Chesney and Urban rock Gillette

A review of teh New England Country Music Festival with Kenny Chesney, Keith Urban, and more at Gillette Stadium on July 26, 2008

, Editor-in-Chief

Once again, Kenny Chesney delivered a stellar show before a sold-out crowd at Gillette Stadium as part of the 5th annual& New England Country Music festival. The dynamic and engaging entertainer stayed true to his formula, arguably too much so at some points, during a show that was high on energy and filled with hits. With an impressive cast of opening talent, most notably Keith Urban, the show lived up to expectations as one of the best of this summer.

Clad in a Boston Red Sox t-shirt, Chesney rose from a platform at the top of a catwalk that jetted out into the field to kick things off with “Live Those Songs Again”, a fitting opener considering that the top heavy set list followed with his standard party anthems that dominate the start of most shows, “Summertime”, “Beer in Mexico”, and “Keg in The Closet”. The capacity crowd roared with approval throughout the show, even if most could predict what would follow.

Always the showman, Chesney worked all ends of the massive stage and its lengthy catwalks with never-ending energy. From his Buffett-like beach time favorites like “No Shoes, No Shirts, No Problem” and “Shiftwork” through the arena (ahem, stadium) rockers “I Go Back” and “Living In Fast Forward”, sing-alongs were abundant, giving ample opportunities for fans to relish in their own personal favorites from the Tennessee native’s lengthy career. Of course “Back Where I Come From” was a crowd favorite thanks again to a video montage of Boston landmarks and our beloved sports teams. Some members of Titletown represented their teams well with Patriots Teddy Bruschi, Mike Vrabel, and Wes Walker as well as Red Sox Tim Wakefield and Mike Timlin joining Chesney on stage for the song and later during an impromptu cover song.

When Chesney strayed from his standard formula, he delivered the show’s more memorable highlights. “Guitars and Tiki Bars” and “Got A Little Crazy Last Night” were both pleasant surprises. “Wild Ride”, “Don’t Blink”, “Never Wanted Nothing More” were standouts from his latest album, Just Who I Am: Poets & Pirates, released last fall. “She’s From Boston” has become a staple for the Foxboro shows, and the sing-along for the deep cut was just as loud as it was for hit “How Forever Feels”, which closed out the main set. With the clock showing past 11 p.m., he still returned with just as much energy for a two song encore of “Anything But Mine” and the standard closing anthem “She Thinks My Tractor’s Sexy”.

By the time Keith Urban hit the stage, the stadium was nearly full, and the crowd was awarded with a fantastic set by the Aussie country-rocker. Urban is a rare commodity in country music in that he’s an exceptional guitarist. He made it clear right at the start by displaying his impressive fretwork on opener “Days Go By”, onto “Where The Blacktop Ends” and finally “Who Wouldn’t Wanna Be Me”, the latter of which found Urban signing an autograph by taking a sharpie to his mouth while at the same time delivering one of his many solos.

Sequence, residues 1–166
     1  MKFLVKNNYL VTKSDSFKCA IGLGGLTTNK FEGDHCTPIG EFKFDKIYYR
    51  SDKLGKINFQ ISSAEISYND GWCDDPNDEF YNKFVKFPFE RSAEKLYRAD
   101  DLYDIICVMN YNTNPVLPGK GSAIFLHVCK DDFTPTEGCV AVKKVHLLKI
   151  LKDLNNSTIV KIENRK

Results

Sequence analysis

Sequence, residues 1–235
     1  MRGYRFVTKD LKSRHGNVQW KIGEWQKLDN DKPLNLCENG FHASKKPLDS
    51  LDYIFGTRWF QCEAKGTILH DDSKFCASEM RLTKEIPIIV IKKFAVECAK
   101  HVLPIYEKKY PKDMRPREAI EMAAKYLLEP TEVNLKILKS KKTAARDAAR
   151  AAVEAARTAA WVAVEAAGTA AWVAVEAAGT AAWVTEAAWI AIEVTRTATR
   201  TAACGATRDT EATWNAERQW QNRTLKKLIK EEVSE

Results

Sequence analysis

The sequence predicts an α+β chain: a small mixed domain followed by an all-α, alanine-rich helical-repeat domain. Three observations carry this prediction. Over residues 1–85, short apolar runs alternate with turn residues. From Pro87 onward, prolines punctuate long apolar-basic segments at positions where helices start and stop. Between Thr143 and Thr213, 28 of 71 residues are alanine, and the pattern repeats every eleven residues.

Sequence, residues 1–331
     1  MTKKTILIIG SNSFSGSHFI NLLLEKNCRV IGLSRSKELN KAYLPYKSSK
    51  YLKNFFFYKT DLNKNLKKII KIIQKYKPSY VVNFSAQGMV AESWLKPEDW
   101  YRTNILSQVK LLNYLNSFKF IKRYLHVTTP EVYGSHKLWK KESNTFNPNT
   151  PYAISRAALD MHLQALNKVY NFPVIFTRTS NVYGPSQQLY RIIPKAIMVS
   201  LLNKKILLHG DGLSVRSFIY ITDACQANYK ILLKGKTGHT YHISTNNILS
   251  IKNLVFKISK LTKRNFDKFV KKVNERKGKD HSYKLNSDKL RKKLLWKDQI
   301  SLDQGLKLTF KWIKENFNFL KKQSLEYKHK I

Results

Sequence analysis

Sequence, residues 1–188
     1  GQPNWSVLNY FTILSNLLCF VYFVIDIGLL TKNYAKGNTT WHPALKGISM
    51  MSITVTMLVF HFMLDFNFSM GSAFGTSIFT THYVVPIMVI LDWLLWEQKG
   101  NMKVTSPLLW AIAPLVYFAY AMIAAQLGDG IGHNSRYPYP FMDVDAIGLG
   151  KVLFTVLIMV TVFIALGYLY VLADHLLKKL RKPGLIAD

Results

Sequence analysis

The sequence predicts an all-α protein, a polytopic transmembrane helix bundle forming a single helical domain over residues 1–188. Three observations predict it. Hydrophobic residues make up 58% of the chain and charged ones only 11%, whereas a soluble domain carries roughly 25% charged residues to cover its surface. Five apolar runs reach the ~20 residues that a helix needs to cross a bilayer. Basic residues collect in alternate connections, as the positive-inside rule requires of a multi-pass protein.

Only a few weeks after the birth of his first child, Urban was in great spirits, as was his band who were exceptionally tight. Simplicity was the theme through a set that lasted an all to brief 70 minutes as Urban let the music do the talking. “Stupid Boy” was stellar while “Better Life” also shined brightly. Perhaps most notably was Urban’s ability to draw intimacy in the massive stadium with a pair of stunning acoustic renditions. First, by himself on “Raining on A Sunday” and then with his band though a “You’ll Think Of Me”. A rocking run through “Somebody Like You” brought Urban’s set to a close but not without fans wishing he had more time.

Sammy Hagar’s opening set was just as expected, a mix-bag. The former Van Halen-frontman opened his set with “I Can’t Drive 55”, off his solo release. At 60-years old, Hagar is still a goofball and had fun on stage while waitresses served him Margaritas (surely made with his own signature tequila) that he also shared with the crowd. “Standing On Top Of The World”, the lone Van Halen tune played, was certainly a crowd favorite but fell flat.& “I Love This Bar”, a song he co-wrote with Toby Keith, faired better as did “Eagles Fly”. The surprise highlight came during cover of Beastie Boy’s “Fight For Your Right” which led to set closer “Mas Tequilla”.

LeAnn Rimes’ set was full of the best vocals of the day. The 25-year old songtress was right at home with soaring signature ballads like “How Do I Live” and “Blue”. Still, she proved she could take it up a notch and still delight with fast-tempos “Something’s Gotta Give” and “Can’t Fight The Moonlight”. Other highlights came off her new album, Family, including “Nothing Better To Do” and the title track. Last year she spent the summer playing more intimate venues like the Melody Tent but Rimes managed the massive stage well, using all ends of the catwalks to interact with the crowd. Playing to the crowd even more, she even threw on a Tom Brady jersey over her black sundress, claiming that the Patriots were “the cutest team” she had ever seen. She closed her set with a fun cover of Cheap Trick’s “I Want You To Want Me”.& &

Also on the bill was Gary Allen but with an early set-time, most concert-goers were still partying the parking lot with a tailgate that Chesney later said was “the best tailgating of the tour every year.”

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